Bus stop versus parklet: Potential outdoor space overlooking Vancouver’s English Bay stirs controversy

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      The West End Business Improvement Association is thinking of a new parklet in the Vancouver neighbourhood.

      Parklets are landscaped platforms that enliven public spaces.

      They extend from the sidewalk on to the street, providing free public seating for people to relax and enjoy the city.

      This potential parklet that the West End BIA is looking to have on Davie Street near Jervis Street is quite special.

      It’s going to sit on a hill on the sunny side of the street, where people can look out to English Bay.

      “You could actually see down Davie, and catch a glimpse of the ocean,” the business association’s executive director, Stephen Regan, told the Georgia Straight in a phone interview.

      From the parklet, visitors can also see Stanley Park and mountains on the North Shore, according to Regan.

      “It would be a bit of a gateway into the Davie Village from English Bay,” Regan said.

      But as Regan acknowledged, the potential parklet isn’t being looked at with much favour by a number of seniors in the West End.


      The parklet is going to displace a westbound bus stop.

      If the parklet gets built, it means that people using the bus stop would have to walk more distance to where they’re going.

      “Of course, they weren't really happy,” Regan said about the seniors who attended a public meeting about the parklet idea on Tuesday (February 11) at the Gordon Neighbourhood House.

      Regan stressed that the West End BIA doesn’t have any firm plans yet for the parklet.

      “One suggestion was, well, why don’t you move it to 40 feet west towards English Bay? Maybe that's the solution,” Regan said.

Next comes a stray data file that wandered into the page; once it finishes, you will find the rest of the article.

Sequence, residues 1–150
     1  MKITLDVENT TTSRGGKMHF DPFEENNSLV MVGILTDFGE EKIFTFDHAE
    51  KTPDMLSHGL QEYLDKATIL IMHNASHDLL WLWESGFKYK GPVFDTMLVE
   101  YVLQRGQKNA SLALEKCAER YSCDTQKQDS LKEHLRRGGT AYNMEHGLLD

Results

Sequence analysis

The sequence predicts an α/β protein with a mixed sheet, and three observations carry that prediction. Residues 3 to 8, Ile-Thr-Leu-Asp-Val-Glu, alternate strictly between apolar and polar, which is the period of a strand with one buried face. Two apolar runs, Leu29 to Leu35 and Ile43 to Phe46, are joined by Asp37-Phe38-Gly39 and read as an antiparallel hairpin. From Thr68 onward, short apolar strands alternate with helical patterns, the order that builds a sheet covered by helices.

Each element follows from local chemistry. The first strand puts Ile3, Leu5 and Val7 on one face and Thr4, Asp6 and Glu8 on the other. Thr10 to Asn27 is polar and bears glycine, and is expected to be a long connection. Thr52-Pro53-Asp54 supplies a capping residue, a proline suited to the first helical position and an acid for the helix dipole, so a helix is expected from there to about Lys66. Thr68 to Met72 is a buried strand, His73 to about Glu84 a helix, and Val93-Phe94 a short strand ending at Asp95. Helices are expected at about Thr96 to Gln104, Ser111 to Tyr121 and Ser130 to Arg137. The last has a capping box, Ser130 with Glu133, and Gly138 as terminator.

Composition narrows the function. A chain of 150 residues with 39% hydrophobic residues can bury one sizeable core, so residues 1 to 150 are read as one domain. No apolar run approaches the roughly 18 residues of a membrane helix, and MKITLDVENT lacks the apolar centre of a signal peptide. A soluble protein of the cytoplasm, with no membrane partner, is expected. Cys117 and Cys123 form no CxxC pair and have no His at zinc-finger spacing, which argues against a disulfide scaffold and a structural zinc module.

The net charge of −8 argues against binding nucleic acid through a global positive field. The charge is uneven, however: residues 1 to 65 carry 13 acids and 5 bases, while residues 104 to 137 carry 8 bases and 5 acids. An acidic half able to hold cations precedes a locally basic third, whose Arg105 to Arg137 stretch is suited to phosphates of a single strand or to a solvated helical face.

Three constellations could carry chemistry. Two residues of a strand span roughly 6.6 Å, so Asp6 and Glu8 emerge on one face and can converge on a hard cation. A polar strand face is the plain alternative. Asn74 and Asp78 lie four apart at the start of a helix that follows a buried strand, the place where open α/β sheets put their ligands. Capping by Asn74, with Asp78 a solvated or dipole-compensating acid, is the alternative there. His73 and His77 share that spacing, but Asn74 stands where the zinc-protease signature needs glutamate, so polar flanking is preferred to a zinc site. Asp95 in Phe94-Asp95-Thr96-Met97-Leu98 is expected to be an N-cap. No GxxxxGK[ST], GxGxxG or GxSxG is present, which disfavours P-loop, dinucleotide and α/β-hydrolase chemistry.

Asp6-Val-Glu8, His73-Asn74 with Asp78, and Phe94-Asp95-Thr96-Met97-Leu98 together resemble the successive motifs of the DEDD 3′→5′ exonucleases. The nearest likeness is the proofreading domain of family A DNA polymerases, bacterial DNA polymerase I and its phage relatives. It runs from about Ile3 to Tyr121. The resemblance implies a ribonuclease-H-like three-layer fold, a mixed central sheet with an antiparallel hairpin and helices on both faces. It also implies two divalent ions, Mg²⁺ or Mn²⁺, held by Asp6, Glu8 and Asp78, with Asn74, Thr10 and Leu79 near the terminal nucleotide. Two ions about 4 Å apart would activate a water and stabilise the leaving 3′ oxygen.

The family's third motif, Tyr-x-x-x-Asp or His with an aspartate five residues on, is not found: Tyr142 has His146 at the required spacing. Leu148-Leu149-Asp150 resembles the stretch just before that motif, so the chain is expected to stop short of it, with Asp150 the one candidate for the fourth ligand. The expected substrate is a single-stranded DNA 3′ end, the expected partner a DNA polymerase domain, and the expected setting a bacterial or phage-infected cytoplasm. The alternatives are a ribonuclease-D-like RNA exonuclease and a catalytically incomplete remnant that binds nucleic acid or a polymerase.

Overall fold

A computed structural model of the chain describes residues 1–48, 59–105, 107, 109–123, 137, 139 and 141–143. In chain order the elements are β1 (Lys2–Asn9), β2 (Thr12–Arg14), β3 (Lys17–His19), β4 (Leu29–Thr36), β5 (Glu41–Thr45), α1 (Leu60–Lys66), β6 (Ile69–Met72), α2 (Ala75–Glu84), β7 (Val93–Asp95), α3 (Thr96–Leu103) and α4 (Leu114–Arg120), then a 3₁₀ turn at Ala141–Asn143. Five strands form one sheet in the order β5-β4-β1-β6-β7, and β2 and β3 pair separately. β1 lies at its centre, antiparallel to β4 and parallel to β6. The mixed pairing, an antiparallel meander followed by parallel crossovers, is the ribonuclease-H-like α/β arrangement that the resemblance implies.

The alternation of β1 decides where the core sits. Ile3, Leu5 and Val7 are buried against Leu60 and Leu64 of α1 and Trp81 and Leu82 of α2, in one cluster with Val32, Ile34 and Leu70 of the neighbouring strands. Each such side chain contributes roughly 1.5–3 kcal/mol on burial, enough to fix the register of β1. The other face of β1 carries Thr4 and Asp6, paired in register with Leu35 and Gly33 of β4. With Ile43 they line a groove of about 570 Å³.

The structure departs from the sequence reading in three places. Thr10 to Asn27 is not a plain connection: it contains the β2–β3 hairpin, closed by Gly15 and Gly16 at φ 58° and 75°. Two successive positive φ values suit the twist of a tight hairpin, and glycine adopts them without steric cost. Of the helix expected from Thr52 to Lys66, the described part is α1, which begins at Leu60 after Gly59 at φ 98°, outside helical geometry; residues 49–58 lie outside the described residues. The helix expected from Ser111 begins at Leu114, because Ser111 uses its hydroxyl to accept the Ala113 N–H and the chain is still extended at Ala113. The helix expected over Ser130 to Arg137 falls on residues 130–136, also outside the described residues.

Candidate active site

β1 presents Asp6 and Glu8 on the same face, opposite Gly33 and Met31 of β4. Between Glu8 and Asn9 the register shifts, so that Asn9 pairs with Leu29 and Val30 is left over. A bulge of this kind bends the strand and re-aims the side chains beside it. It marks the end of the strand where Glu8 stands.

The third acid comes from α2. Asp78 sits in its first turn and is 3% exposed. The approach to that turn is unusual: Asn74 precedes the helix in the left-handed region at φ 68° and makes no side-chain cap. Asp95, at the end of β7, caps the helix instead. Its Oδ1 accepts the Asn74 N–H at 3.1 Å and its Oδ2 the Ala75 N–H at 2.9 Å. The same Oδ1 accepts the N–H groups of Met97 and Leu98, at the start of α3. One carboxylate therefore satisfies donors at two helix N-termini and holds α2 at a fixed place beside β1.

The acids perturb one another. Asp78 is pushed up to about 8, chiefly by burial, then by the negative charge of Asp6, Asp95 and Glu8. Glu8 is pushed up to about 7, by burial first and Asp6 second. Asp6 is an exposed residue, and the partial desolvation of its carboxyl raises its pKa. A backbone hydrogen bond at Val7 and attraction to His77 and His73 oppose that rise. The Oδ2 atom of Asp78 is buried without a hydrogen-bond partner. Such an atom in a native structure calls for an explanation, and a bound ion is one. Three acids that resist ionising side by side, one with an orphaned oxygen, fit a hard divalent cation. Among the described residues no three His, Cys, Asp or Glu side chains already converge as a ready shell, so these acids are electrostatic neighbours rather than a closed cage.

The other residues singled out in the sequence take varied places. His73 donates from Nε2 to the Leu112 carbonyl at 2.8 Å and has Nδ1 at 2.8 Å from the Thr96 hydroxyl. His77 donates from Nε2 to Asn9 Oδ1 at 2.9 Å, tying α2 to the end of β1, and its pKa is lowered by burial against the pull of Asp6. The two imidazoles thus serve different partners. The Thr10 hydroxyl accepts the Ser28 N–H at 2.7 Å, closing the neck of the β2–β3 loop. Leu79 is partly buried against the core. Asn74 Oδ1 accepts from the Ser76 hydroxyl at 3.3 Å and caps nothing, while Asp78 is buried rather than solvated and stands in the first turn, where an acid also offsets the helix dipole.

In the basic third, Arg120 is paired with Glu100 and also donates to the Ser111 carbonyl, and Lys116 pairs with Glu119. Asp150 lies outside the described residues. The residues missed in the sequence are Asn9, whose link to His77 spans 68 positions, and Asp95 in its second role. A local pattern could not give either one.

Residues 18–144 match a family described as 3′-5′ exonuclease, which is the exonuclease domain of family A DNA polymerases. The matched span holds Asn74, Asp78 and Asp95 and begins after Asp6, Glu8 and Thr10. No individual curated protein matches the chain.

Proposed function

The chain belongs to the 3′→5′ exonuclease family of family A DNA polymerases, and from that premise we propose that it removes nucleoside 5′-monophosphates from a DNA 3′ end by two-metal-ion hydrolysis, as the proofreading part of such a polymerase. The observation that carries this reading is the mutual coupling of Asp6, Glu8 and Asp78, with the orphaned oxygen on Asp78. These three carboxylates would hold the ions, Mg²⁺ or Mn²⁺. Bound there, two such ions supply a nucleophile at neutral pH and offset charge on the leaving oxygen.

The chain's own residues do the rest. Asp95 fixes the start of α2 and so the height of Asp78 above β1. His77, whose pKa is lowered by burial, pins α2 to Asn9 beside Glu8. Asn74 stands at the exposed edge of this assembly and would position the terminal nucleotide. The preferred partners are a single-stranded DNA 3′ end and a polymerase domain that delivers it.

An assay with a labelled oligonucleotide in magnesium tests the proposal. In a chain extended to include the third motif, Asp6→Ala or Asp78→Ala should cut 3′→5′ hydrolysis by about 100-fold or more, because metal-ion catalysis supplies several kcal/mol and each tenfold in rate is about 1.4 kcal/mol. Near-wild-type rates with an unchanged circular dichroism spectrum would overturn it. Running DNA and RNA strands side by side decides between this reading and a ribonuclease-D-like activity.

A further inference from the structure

The West End BIA is working with the City of Vancouver, which has a program encouraging parklets in partnership with businesses, nonprofits, and business associations.

      The business association is also coordinating with TransLink because the potential location involves doing away with a bus stop.

      According to Regan, the parklet will not only make a section of Davie Street “a little bit more attractive, more appealing”.

      Regan said that it’s part of a bigger vision for Davie Village, which is to create a cluster of parklets and outdoor patios that will cement the area’s character as a fun place.

      There are two existing parklets on Davie Street between Thurlow and Bute streets.

      Ann Hunter is 76 years old, and she attended the public meeting about the potential parklet on February 11.

      The long-time resident of the West End believes that taking away the bus stop is “ludicrous”.

      According to Hunter, the move will make it harder for seniors to access places where they need to go.

      These include the nearby St. Paul’s Anglican Church on Jervis Street, where is an advocacy centre that helps people with their different needs.

      “We don't mind flowers. We don't mind the chairs, you know, outside, but don't take away the bus stop,” Hunter told the Straight by phone.

      According to Hunter, the situation will be more difficult for people with disabilities.

      “It’s just an inconvenience,” Hunter said.

      Hunter said that she told the West End BIA at the meeting that the organization is “not thinking of the human side of it”.

      “How many people have to suffer…when you just want to put in something where people can sit?” Hunter said.

      According to Regan of the West End BIA, there are bus stops before and after the one on Davie Street at Jervis Street, where a parklet may go.

      These bus stops are on Davie Street near the corners of Bute and Broughton streets.